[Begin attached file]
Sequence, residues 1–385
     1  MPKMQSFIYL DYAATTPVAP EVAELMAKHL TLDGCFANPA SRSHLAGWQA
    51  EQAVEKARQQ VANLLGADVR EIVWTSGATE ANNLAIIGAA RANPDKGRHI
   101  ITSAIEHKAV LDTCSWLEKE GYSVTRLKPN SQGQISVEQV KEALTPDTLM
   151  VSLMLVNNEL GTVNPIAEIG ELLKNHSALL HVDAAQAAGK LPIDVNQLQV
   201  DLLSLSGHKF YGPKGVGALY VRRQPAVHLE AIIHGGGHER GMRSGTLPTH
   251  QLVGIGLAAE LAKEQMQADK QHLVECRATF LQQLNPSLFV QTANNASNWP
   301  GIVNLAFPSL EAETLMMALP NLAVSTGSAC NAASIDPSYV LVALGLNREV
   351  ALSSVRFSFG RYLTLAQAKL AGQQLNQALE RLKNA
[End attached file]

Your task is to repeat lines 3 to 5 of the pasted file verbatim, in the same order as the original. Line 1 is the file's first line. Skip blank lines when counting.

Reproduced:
    51  EQAVEKARQQ VANLLGADVR EIVWTSGATE ANNLAIIGAA RANPDKGRHI
   101  ITSAIEHKAV LDTCSWLEKE GYSVTRLKPN SQGQISVEQV KEALTPDTLM
   151  VSLMLVNNEL GTVNPIAEIG ELLKNHSALL HVDAAQAAGK LPIDVNQLQV